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I disagree. The best orthopaedic surgeons are also extremely well versed in biomechanics. If you don't understand biomechanics, then you cannot understand orthopaedics because the musculoskeletal system is literally dependent on forces. Radin's "practical biomechanics for the orthopaedic surgeon" should be required reading. I would also like to see what evidence you cite "normal anatomy does not equal normal biomechanics." By "normal" I mean average person, variance between individuals is not that large, which is why anatomic approaches are so predictable.

Neurodegenerative diseases come to mind. For example, an otherwise anatomically intact and normal 26 year old female with progressive MS could very well not have normal biomechanics?
 
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Neurodegenerative diseases come to mind. For example, an otherwise anatomically intact and normal 26 year old female with progressive MS could very well not have normal biomechanics?

Fair, but normal anatomy implies that everything is working properly including the nervous system. The muscles of an ms patient do not respond correctly, therefore their function isn't "anatomic." But it's just semantics at that point.
 
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PlutoBoy

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The best specialty is the one that allows you to spend time with your family, pursue your personal interests, and grow as a person.

Have you ever heard of someone in their deathbed regretting how little they worked or how little time they spent in their office? What about people that regret not spending more time with their loved ones or pursuing their dreams?

After a while every single specialty will become a job that you may or may not like. Hopefully what you do for a living will not define you as a person.
 
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IslandStyle808

Akuma residency or bust!
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Good EBM is hard to do, regardless of specialty.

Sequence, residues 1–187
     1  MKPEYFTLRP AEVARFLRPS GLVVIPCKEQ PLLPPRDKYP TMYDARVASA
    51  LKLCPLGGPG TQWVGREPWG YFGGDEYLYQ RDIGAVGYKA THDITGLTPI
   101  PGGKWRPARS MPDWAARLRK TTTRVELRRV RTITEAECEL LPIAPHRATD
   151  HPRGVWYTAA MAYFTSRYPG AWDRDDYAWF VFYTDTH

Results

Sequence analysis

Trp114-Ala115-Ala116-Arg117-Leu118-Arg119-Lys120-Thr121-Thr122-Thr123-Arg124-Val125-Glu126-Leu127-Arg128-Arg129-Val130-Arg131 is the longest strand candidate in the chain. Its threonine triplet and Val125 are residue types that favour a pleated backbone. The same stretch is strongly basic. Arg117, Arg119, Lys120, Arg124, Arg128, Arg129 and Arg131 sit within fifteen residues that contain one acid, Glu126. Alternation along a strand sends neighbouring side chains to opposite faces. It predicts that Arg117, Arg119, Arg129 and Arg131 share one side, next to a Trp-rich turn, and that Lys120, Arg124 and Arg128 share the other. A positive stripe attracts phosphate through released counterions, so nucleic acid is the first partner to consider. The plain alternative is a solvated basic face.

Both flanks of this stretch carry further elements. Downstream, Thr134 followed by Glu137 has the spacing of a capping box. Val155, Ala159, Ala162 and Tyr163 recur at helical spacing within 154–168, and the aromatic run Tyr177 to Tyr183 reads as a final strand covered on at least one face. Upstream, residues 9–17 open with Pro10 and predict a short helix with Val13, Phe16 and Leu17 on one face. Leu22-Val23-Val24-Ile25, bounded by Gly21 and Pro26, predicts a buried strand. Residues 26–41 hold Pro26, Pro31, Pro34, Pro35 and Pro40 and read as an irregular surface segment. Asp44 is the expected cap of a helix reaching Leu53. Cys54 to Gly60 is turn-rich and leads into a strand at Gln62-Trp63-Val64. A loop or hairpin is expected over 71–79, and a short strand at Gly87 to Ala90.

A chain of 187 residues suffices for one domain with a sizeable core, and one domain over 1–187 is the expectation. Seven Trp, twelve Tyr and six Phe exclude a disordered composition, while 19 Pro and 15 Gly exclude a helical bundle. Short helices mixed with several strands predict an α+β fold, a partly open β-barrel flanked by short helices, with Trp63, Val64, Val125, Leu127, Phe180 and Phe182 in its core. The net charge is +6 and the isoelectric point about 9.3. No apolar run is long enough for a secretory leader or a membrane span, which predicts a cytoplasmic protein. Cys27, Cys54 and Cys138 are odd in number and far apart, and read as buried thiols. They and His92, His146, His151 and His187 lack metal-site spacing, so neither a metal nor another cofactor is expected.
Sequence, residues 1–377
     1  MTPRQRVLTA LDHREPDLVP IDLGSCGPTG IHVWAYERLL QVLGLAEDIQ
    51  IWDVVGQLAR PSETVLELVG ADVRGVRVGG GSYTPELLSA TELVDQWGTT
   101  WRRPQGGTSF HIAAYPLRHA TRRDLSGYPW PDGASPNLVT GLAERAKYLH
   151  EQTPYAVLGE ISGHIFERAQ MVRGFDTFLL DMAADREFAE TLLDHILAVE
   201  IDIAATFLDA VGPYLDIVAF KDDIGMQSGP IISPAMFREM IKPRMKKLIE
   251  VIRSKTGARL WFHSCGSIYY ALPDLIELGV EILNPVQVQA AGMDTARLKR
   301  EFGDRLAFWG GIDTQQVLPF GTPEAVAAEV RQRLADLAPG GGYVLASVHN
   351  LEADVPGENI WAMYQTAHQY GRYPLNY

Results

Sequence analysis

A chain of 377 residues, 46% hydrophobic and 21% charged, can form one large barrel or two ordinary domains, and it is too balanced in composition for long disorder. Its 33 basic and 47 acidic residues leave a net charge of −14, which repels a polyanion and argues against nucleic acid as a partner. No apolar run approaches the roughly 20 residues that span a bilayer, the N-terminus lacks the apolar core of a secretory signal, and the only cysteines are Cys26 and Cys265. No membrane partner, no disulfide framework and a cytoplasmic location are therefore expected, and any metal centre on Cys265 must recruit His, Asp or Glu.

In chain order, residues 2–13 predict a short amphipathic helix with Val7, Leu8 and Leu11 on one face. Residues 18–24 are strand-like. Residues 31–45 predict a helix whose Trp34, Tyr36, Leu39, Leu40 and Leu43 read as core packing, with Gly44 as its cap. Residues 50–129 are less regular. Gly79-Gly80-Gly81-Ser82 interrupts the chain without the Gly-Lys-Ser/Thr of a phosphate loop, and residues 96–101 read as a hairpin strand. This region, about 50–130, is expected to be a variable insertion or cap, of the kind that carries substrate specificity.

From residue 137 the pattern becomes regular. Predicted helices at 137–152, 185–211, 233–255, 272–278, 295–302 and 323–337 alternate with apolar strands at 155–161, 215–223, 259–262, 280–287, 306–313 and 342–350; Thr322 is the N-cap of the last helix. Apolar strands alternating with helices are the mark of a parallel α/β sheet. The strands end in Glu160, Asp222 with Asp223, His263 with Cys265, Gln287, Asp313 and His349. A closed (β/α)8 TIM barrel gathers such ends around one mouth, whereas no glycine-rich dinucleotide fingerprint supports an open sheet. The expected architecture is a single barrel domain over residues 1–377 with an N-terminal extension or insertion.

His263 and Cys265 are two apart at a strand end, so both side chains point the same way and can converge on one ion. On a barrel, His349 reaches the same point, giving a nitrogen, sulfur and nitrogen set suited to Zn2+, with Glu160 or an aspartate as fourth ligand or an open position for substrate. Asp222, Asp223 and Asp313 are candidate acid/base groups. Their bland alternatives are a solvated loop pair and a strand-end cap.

Thats not really the problem. If you don't have good EBM, then you use mechanistic knowledge. This is how medicine should work. However, the problem is when you do have good EBM which arthroscopic knee surgery does have (i.e. it being no better than a placebo) and is citing in multiple writings by physicians and PhDs, BUT the evidence is ignored and the procedure done anyway. This right here is a large problem with medicine.
 
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Syndicate

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If you are looking for maximizing earning potential, then there's no correct answer. How much you make, regardless of specialty, depends on how much you want to work, where you want to live, what model you want to work in, and which patient population you want to serve.

Every doc can easily make 6 figures and have 100% job security. Smart thing to do is make smart investments and let that annual 6 figure salary grow itself.


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LoGo

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I disagree. The best orthopaedic surgeons are also extremely well versed in biomechanics. If you don't understand biomechanics, then you cannot understand orthopaedics because the musculoskeletal system is literally dependent on forces. Radin's "practical biomechanics for the orthopaedic surgeon" should be required reading. I would also like to see what evidence you cite that "normal anatomy does not equal normal biomechanics." By "normal" I mean average person, variance between individuals is not that large, which is why anatomic approaches are so predictable.

And I would disagree here. Some orthopaedic surgeons may be reasonably versed in biomechanics (those with backgrounds in a related area), but the typical ortho is not, nor do they need to be. The typical ortho has learned a little about mechanics in an applied context so that they know how to put something back together without it falling apart, or are taught that X procedure corrects Y biomechanics because of Z, where Z is only understood topically. For example, probably every ortho could tell you a varus knee tends to develop medial knee osteoarthritis (and probably most doctors could at least appreciate this intuitive fact), but probably very few could show me how they'd calculate loading at the knee to prove why that's the case - intuitively it makes sense, but there's a difference between knowing something and understanding why and that is the difference between an orthopod who has some basic training in clinically relevant biomechanics so their patients can walk straight and an engineer/biomechanist whose job it is to be an expert in those areas only. Source: my PhD in engineering. I have cringed many times hearing orthos try to explain something in real biomechanical terms.